Below are some easy ways to determine your SME’s risk exposure:
Yes, that’s Facebook fix to its debacle: force users to log out to invalidate the account entry key/token. Simple enough, an inconvenience to Facebook users, but an even easier “fix”. Let’s review Facebook public timeline of this hack and dig a little deeper:
Based on the sophistication of this particular Facebook hack, it’s easy to surmise that the malicious actors were using this exploit long before September 16th and collecting Facebook Connect access tokens. Here’s what really happened:
Facebook has stated that it can’t pinpoint exactly when the malicious actors established the attack chain to exploit 3 separate vulnerabilities, but the vulnerabilities had existed since July 2017. Yikes…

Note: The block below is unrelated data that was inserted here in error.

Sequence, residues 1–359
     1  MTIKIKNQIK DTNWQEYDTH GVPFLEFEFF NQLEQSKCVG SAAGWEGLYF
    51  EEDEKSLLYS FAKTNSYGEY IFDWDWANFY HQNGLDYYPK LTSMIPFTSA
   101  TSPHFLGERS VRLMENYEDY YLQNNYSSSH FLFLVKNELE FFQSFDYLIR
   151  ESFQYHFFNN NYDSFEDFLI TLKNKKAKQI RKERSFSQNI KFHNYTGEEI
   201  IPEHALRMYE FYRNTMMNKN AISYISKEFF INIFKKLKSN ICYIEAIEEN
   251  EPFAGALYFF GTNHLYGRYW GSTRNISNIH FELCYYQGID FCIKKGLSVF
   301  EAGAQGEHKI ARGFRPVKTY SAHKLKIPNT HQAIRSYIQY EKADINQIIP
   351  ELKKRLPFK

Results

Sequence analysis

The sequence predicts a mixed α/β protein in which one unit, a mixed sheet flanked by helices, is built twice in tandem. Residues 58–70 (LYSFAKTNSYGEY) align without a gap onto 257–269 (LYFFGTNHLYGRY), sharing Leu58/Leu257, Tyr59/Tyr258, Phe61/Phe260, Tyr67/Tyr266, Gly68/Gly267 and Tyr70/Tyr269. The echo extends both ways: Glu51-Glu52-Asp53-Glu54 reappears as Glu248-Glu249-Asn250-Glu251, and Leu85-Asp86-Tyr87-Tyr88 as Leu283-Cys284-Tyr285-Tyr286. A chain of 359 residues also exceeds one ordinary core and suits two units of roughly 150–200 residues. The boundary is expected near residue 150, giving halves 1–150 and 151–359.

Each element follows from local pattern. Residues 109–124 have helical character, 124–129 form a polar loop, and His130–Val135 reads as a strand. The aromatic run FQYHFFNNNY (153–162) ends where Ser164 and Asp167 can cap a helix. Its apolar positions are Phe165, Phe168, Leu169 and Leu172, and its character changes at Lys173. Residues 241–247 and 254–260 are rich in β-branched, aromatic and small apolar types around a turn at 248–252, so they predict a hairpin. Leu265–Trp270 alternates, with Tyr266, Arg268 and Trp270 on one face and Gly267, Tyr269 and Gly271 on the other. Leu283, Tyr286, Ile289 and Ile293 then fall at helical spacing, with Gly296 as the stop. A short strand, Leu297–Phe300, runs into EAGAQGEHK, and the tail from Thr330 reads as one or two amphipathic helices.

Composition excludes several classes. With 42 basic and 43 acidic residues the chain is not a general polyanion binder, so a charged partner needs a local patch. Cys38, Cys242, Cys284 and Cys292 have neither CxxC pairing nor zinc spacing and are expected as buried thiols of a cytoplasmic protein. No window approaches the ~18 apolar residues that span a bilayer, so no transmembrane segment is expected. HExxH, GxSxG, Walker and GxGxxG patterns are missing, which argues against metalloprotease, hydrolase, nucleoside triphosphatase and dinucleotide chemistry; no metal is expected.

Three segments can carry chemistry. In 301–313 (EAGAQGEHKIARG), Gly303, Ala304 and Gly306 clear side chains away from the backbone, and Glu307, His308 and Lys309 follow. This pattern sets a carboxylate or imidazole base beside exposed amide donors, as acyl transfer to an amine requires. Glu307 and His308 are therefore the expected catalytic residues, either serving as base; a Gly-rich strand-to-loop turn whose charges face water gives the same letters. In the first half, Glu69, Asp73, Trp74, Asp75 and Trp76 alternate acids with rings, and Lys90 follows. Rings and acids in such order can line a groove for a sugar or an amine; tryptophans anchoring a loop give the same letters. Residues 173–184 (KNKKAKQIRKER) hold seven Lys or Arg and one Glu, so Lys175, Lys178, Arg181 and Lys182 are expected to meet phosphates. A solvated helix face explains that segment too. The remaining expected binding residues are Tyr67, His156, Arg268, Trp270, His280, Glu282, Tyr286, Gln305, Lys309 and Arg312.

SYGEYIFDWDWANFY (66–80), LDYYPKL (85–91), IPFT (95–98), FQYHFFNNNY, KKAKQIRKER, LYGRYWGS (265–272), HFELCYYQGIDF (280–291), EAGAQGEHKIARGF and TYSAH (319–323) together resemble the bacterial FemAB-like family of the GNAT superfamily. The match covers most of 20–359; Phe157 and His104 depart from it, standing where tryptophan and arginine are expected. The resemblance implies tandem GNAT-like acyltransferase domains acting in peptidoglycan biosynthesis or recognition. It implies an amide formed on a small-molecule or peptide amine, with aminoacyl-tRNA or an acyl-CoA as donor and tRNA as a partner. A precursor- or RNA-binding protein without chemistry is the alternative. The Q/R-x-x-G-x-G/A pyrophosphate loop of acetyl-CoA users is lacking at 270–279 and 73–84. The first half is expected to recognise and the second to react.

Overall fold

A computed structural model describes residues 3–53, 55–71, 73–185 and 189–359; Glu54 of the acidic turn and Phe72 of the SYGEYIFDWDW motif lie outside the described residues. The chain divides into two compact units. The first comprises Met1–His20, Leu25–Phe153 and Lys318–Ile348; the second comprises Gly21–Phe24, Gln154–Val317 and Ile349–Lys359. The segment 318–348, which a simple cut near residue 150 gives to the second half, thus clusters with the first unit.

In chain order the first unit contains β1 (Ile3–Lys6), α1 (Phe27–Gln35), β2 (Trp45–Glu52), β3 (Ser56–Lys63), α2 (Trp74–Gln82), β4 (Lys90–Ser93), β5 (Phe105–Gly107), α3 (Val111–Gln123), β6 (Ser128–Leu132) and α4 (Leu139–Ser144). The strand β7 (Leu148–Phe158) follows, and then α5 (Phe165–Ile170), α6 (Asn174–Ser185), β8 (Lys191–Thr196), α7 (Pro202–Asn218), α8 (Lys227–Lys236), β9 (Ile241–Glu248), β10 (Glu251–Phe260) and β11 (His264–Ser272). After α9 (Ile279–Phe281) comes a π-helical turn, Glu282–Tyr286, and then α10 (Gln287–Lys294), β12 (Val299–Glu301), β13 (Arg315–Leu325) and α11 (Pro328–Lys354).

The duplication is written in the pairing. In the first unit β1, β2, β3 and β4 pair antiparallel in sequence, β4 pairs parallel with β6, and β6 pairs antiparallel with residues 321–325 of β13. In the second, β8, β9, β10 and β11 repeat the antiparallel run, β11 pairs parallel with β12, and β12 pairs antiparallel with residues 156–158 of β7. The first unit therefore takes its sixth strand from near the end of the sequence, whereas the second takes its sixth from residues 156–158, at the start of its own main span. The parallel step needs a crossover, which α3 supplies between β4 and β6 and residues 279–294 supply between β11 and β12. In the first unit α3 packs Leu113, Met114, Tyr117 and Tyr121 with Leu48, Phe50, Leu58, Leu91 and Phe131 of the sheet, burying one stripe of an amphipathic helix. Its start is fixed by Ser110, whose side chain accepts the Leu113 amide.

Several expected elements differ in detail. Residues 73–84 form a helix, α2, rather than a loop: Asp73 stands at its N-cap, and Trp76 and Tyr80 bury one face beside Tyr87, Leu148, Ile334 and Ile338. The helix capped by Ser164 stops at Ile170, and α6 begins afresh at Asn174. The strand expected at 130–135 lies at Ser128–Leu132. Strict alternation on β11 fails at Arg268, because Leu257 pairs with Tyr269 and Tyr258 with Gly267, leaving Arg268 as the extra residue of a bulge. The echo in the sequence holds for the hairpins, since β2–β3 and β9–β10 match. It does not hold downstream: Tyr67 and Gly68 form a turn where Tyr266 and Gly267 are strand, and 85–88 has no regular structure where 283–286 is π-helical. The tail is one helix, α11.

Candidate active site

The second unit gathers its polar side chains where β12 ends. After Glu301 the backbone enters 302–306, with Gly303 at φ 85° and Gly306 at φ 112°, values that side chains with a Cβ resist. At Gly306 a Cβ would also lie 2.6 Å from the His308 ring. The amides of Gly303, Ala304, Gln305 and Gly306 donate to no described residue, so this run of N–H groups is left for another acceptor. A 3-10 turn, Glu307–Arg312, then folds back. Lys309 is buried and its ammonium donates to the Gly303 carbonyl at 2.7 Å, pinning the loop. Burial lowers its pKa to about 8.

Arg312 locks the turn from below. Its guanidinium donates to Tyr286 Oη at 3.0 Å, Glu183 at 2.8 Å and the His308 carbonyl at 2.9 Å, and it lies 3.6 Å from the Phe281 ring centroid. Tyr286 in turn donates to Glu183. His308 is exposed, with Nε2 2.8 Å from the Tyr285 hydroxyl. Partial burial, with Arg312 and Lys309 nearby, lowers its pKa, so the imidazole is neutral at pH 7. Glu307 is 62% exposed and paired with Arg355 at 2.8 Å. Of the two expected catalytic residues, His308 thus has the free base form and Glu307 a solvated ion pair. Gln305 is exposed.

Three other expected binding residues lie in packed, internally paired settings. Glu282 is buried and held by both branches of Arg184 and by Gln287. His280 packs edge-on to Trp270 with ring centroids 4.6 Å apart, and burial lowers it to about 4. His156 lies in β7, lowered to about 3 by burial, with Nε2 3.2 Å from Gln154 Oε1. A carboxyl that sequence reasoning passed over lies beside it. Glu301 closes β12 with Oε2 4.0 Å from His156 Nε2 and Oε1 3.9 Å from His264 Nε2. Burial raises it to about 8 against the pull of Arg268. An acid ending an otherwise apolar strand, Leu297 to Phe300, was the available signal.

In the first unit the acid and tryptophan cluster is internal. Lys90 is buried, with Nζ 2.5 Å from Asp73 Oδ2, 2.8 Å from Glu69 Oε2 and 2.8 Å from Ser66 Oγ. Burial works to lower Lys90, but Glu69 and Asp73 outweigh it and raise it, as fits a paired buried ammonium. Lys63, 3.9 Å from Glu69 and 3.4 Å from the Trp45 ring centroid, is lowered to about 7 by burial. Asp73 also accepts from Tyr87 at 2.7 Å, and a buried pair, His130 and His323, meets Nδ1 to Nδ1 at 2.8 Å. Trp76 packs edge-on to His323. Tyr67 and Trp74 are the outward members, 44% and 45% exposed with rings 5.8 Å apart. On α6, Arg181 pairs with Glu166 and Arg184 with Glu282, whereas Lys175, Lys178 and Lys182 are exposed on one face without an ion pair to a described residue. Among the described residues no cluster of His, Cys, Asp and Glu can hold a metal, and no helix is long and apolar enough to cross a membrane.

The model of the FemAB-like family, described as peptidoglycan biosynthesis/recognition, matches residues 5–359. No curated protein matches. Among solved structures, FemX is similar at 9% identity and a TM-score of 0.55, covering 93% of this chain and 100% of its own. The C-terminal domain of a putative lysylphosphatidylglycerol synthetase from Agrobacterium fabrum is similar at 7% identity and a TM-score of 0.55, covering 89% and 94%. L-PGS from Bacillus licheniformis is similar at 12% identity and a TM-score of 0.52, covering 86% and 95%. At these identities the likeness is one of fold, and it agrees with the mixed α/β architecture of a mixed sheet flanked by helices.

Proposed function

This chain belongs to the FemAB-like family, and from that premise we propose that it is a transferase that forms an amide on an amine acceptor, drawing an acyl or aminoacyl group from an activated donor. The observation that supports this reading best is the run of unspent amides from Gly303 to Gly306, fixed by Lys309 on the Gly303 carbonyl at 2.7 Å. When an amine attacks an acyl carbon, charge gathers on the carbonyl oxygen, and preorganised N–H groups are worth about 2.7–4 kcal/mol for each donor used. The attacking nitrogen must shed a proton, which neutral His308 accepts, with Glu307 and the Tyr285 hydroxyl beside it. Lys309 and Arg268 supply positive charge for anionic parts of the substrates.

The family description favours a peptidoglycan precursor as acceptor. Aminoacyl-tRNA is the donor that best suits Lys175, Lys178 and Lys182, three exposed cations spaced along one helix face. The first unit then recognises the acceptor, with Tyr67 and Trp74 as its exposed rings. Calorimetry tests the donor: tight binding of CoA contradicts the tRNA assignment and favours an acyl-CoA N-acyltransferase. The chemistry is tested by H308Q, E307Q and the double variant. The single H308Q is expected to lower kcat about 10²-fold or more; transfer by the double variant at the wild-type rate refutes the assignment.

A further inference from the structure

There’s an obvious problem with instructing Facebook Connect users to simply force a log out to “mitigate” this hack. The reality is that Facebook with all its resources has few to no solutions for its Facebook Connect users despite a soon to be released tool that will help SME, and large enterprises alike, identify which accounts may have been tampered with through Facebook Connect. Facebook's handling of user data has been under scrutiny for the better part of this year so this hack couldn’t have come at a worse time for Facebook. Still reeling from a series of scandals that unfolded in the wake of the 2016 US presidential election, a widespread Russian disinformation campaign leveraged the platform unnoticed, followed by revelations that third-party companies like Cambridge Analytica had collected user data without their knowledge. Facebook already faces multiple federal investigations into its privacy and data-sharing practices, including one probe by the Federal Trade Commission and another conducted by the Securities and Exchange Commission. This hack will ramp up efforts to regulate Facebook and other technology companies through financial penalties, legislative efforts or both. In Europe, Facebook could face a fine totaling as much as $1.63 billion if it's found in violation of General Data Protection Regulation (GDPR), the European Union's sweeping consumer privacy law. GDPR contains a provision that companies can be fined 4% of their annual revenue if they violate the law, which encompasses rules on protecting data and a requirement that regulators must be notified within 72 hours of a breach. Ireland's Data Protection Commission, which oversees Facebook under GDPR, is heading up an investigation into the breach.